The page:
We have rather good knowledge about the patterns of vascular plants across different scales. Thanks to the advances of molecular techniques, our understanding of the diversity of invisible microbial dwellers in the soil world, such as mycorrhizal fungi, has tremendously increased. By now, we also know that these tiny organisms may play vast role in plants’ lives from enhancing plant nutrition to preventing them from the harmful effects of abiotic stress and pathogens.
However, numerous questions have yet no clear answer. Does it matter for plant fitness how many different taxa of mycorrhizal fungi are interacting with the plant? What is the role of environment (e.g., nutrient-poor vs nutrient-rich soil)? Why are some plant species obligately mycorrhizal, while others seem to manage also without mycorrhizal partners? Are specific plants and fungi co-adapted to living together? If so, how can we take it into account in restoration? What is the effect of commercial seed multiplication on biotic interactions? Our team of authors hope that the paper helps to bring out those gaps, which are particularly relevant in the context of restoration, and offers a framework for shedding more light to these questions.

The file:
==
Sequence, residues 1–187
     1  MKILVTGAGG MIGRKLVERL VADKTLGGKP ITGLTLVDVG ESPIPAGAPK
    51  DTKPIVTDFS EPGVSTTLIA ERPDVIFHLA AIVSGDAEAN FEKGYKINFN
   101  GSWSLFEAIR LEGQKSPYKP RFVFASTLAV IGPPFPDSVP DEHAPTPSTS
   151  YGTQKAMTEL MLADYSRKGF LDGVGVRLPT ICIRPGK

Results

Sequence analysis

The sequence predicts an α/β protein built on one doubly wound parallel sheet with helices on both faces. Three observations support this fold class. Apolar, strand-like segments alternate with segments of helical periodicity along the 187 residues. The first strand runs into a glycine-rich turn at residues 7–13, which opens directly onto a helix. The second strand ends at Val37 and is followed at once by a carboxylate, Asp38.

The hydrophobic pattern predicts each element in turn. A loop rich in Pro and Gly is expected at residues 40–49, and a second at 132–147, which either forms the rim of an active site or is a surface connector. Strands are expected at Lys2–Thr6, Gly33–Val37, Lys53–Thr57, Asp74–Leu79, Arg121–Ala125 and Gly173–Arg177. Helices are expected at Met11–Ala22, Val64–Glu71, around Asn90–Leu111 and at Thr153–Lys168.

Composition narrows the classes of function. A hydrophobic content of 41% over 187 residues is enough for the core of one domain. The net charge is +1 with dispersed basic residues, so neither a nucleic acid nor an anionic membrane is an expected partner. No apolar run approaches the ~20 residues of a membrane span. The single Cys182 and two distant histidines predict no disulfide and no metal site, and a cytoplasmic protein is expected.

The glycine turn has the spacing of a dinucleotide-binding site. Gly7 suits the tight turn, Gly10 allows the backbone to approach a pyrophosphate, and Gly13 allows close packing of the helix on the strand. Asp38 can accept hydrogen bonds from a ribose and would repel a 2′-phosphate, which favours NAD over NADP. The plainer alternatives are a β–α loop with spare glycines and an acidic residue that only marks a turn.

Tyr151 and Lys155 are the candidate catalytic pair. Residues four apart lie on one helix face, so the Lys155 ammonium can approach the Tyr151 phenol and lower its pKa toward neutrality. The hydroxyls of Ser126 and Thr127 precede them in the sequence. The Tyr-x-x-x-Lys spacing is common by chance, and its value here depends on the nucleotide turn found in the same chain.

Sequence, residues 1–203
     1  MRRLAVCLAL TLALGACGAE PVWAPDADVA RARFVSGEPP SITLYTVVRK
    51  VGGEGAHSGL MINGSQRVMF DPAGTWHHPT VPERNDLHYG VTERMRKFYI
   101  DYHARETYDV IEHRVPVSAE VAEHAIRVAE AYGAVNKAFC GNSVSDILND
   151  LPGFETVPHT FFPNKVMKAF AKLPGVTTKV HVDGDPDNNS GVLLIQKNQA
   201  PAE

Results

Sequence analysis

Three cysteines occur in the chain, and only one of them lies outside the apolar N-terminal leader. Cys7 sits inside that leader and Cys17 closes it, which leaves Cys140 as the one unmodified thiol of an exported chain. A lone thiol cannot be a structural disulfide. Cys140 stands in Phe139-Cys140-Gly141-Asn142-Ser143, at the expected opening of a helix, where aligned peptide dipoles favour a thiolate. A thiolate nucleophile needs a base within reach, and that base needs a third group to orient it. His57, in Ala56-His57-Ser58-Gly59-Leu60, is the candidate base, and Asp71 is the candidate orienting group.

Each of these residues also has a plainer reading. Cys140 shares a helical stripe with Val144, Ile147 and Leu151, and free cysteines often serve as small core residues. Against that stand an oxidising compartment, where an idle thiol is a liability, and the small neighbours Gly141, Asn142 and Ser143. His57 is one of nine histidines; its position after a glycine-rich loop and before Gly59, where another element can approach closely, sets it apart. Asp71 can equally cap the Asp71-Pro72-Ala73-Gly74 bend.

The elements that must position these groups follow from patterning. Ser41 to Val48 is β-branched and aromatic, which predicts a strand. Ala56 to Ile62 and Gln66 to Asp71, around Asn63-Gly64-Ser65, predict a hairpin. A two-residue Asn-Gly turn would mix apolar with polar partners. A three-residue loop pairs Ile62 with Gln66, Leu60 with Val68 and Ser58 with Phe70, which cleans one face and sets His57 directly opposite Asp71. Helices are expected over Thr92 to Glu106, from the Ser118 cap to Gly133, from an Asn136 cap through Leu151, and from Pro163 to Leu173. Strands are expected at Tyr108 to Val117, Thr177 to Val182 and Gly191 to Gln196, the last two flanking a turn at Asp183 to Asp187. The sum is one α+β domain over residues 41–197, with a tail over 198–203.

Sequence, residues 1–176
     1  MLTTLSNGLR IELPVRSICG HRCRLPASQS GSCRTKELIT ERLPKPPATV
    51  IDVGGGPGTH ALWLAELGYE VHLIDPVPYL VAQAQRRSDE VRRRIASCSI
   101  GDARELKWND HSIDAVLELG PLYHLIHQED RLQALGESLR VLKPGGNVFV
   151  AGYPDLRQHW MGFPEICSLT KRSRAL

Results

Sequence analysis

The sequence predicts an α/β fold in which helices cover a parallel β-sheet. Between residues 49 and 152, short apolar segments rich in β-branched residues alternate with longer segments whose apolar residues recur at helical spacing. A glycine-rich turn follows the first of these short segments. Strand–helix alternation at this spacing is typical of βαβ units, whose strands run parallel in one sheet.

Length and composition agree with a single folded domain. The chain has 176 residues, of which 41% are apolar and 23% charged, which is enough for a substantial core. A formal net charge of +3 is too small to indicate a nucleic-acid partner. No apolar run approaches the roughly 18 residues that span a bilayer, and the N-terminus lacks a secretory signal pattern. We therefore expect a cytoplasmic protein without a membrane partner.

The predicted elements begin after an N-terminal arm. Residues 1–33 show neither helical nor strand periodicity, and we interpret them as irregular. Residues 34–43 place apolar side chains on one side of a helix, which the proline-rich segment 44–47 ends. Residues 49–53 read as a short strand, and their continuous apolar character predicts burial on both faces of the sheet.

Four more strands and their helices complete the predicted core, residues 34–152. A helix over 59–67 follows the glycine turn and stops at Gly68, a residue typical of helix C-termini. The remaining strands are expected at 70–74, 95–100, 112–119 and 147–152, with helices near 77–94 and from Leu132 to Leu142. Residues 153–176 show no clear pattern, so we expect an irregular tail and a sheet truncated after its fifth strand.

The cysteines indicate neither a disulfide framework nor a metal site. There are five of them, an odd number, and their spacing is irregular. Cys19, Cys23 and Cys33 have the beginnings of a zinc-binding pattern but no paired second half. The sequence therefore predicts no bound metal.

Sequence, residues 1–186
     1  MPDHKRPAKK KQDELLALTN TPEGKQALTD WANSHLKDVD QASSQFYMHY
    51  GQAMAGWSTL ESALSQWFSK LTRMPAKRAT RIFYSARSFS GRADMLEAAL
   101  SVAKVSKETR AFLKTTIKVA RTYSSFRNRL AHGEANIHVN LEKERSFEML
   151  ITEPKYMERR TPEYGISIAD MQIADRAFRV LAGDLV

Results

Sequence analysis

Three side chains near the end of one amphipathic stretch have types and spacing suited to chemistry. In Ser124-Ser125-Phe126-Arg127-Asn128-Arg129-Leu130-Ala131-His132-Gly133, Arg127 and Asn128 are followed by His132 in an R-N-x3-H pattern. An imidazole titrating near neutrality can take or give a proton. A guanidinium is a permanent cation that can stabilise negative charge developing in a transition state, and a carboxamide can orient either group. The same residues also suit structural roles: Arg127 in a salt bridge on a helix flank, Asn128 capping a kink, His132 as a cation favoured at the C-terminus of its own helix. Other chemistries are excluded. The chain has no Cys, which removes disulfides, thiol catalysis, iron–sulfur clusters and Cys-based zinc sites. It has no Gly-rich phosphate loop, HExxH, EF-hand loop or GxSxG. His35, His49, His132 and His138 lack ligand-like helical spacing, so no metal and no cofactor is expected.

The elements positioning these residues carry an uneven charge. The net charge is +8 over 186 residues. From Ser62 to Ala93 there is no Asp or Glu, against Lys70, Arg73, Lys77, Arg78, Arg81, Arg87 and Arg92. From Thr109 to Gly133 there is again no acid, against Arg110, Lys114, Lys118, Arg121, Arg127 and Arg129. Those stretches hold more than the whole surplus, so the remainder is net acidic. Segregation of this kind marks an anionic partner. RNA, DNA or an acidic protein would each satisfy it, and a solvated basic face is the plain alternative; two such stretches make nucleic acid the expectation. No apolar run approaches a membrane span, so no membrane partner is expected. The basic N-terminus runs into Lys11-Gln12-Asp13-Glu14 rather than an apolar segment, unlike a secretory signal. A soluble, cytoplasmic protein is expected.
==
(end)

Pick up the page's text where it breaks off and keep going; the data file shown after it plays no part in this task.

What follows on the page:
- What is the next step in this field going to be? What would you like to do next?